Tuesday December 15, 2015

Rethinking Asperger's: 'If you look at it the right way, it's a gift'

"Asperger's is negative. But only if you look at it that way. If you look at it the right way, it's a gift." - says Kimberley Dudek, who has Asperger's.

"Asperger's is negative. But only if you look at it that way. If you look at it the right way, it's a gift." - says Kimberley Dudek, who has Asperger's. (pawpaw67, Flickr cc)

Listen 23:45

"Asperger's is not a punishment. It's not something wrong."  -  11-years-old Devin Smyth has Asperger's

Last week on The Current, we spoke to Steve Silberman, who makes a similar argument about autism in his book, "Neurotribes: The Legacy of Autism and the Future of Neurodiversity." Steve Silberman argues that we shouldn't think of autism as a disorder to be cured or fixed ... but rather as a different way of thinking and being that should be welcomed.

Devin Smyth - Essay

'I get sad at school a lot because I don't get the kids and they don't get me." - Devin Smyth, 11

Devin Smyth on living with Asperger's: 'My Reality and Some Fantasy'
 

‚ÄčAfter our interview with Steve Silberman, we hosted a live web chat with Marg Spoelstra, the Executive Director of Autism Ontario. We received a wide range of questions and comments, many from people who are on the autism spectrum. So we decided to keep the conversation going.

  • Marg Spoelstra is the executive director of Autism Ontario. She was in our Toronto studio.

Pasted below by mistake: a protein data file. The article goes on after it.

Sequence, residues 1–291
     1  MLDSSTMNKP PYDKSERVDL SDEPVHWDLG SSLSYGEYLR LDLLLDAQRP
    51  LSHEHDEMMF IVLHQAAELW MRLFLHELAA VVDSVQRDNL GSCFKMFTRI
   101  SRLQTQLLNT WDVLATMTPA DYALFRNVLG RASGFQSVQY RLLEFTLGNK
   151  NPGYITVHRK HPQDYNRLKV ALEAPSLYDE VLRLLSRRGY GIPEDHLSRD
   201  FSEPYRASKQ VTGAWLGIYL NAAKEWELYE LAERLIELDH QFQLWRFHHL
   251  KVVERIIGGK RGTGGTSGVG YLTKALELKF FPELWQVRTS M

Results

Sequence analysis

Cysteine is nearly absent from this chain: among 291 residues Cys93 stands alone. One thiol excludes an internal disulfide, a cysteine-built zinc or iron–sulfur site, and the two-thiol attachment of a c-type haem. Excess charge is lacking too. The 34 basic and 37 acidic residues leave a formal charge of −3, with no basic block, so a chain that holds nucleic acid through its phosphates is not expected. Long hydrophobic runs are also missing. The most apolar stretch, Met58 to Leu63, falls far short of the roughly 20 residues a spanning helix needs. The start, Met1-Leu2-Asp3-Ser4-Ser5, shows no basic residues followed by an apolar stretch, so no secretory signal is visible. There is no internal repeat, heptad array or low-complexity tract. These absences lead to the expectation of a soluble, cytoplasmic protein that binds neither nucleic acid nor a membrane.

• Kimberley Dudek wrote in to tell us about her experience as an adult living with Asperger's Syndrome. She was in Winnipeg.
  •  Liz Laugeson is an Assistant Clinical Professor at UCLA and the director of UCLA PEERS, a program that teaches social, including romantic, interaction skills to teens and young adults on the spectrum. She was in Los Angeles.
     

"Autism is a way of being. It is not possible to separate the person from the autism. Therefore, when parents say, I wish my child did not have autism, what they're really saying is, I wish the autistic child I have did not exist, and I had a different (non-autistic) child instead. Read that again. This is what we hear when you mourn over our existence. This is what we hear when you pray for a cure. This is what we know, when you tell us of your fondest hopes and dreams for us: that your greatest wish is that one day we will cease to be, and strangers you can love will move in behind our faces."   

 -  excerpt from Jim Sinclair's "Don't Mourn For Us", 1993

Read the Full Essay: "Don't Mourn for Us" by Jim Sinclair


This segment was produced by The Current's Pacinthe Mattar.